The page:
By Marina M.
This year has been extraordinary for me in that I’ve made so many long-distance time-zone crossing trips over very short periods of time, both planned and unplanned. While generally I enjoy long plane flights for their insulation against earth-bound work and irritations, it does mean that I also have to suffer that inevitable side-effect: Jet lag.
I recently returned home for three weeks, after three weeks in the UK, only to find myself battling jet lag for two weeks, regaining normalcy, and then going back to the UK for another three weeks. I went back to Malaysia for two weeks, before returning yet again to the UK for another week. My body, if not my mind, went haywire.
Jet lag basically refers to the disruption of your sleep patterns that travelling across time zones wreaks. Your body knows to sleep when it is dark and wake when it is light, but when it is dark for too long or too short a time, invariably you are going to either not be able to sleep or not sleep enough. As a result, you feel tired and woozy during the times when you are supposed to be awake, and alert when you’re supposed to be asleep.
There are of course ways to counter jet lag. My preferred way is to always take night flights and to always travel east to west. Night flights fool your body into thinking that you’ve going to sleep in Kuala Lumpur and wake up in London, even though the flight is 13 hours long and you do spend some of it awake (as I am now, while writing this piece). I find day flights unnatural because your mind and body thinks it should stay awake when you want it to desperately go to sleep. You also find yourself arriving in the late afternoon in London and having dinner at what seems like a reasonable time while your body is screaming at you to go to bed because according to your inner clock, it’s already 3am.
If I have to fly to North America, my preferred route is still to go via London because it means I keep flying west. But sometimes I don’t have the choice and have to fly east because it’s cheaper and slightly quicker. Flying the Pacific route is a nightmare because of this weird phenomenon where you cross the International Dateline and arrive before you left. It sounds nice; you could conceivably have Christmas dinner at home and then fly to Los Angeles and have Christmas dinner again. But boy, does it play havoc with your body clock!
I once spent about eight weeks in the USA on a fellowship and of course had to fly there via the Pacific. I spent the first two weeks battling jet lag. I did everything I had read to counter it: Going out in the California sun, exercising in the gym and as a last resort, taking melatonin, a natural sleep-inducing remedy. The worst part of it was the lack of comprehension by some of the locals I met. People who don’t travel simply don’t understand jet lag.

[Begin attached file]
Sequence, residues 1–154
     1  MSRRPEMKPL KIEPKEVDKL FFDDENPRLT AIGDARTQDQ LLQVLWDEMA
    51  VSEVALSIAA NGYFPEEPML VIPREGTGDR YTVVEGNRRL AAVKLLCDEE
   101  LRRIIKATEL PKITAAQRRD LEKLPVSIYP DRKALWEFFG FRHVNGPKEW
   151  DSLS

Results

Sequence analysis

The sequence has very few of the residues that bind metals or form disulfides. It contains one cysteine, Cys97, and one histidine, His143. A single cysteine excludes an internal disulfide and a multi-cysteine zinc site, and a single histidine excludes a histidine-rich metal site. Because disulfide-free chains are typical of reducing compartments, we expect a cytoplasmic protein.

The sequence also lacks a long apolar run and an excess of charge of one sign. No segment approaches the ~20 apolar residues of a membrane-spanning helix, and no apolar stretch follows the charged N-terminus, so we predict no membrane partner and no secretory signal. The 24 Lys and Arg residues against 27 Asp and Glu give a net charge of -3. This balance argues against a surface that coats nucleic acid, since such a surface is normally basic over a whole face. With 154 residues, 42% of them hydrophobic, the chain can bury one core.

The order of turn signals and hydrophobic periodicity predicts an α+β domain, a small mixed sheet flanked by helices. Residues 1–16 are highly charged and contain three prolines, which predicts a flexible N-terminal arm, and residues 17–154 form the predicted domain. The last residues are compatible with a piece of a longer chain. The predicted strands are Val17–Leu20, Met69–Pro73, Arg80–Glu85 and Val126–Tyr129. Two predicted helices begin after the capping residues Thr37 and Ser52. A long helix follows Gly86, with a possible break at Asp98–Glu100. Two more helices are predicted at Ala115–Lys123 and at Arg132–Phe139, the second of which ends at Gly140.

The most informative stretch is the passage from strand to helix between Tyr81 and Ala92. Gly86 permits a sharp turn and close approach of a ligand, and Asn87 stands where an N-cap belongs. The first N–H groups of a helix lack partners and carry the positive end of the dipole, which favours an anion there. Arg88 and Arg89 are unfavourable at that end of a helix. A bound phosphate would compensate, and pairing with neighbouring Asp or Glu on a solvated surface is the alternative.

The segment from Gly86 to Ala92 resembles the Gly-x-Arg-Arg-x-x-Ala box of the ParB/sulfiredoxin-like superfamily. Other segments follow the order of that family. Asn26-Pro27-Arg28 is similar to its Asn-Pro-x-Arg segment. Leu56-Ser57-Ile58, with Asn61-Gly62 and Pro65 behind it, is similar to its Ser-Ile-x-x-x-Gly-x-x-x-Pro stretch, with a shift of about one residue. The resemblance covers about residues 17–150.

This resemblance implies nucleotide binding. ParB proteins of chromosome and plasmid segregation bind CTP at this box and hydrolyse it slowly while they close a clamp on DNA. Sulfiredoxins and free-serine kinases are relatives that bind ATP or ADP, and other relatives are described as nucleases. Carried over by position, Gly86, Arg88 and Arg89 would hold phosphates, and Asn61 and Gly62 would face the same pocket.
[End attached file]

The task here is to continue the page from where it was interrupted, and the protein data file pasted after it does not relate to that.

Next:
One of the worst symptoms for me is that apart from my sleep patterns being disrupted, my digestive system also gets confused. If you’re like me and obsessed with getting your system to work properly, then you’ll understand what I mean. There are few things more inconvenient than your body suddenly wanting to clear itself when you’re in an afternoon meeting, simply because it thinks it is just waking up in the morning.
Falling asleep in the afternoons is another hazard. This happens even when meetings are not boring. My solution has been to eat some dark chocolate or some fruits and nuts for a shot of energy. It’s even better if you have enough chocolate to share with the others in your meeting so that it doesn’t make you look like you’re just being greedy!
Lying awake at night is certainly no fun, although it has been known to make me more productive than usual. I once wrote a whole project proposal on a long daytime flight simply because I could not sleep. Sleeping pills don’t always help; sometimes I still wake up in the middle of the night and then find myself unable to sleep again. If there is an early appointment the next day, I will invariably panic and try all sorts of techniques to fall asleep, which basically have the odd effect of keeping you awake and frowning.
I truly wonder how airline flight crews do it. Maybe if you keep on flying and crossing time zones, somehow it all balances out.
There is that school of thought which says you have to start adjusting your body to your destination’s time zone even before you take off. But who has the time? If you’re like me, you’re packing right until the last minute, interrupted with trying to solve various issues in the office or writing last-minute letters or articles which you forgot you promised you would write.
If there’s any consolation, jet lag is a hazard of travel these days. And as hazards go, compared with the joys of your voyages, it’s pretty benign. I suppose we’ll just have to live with it.
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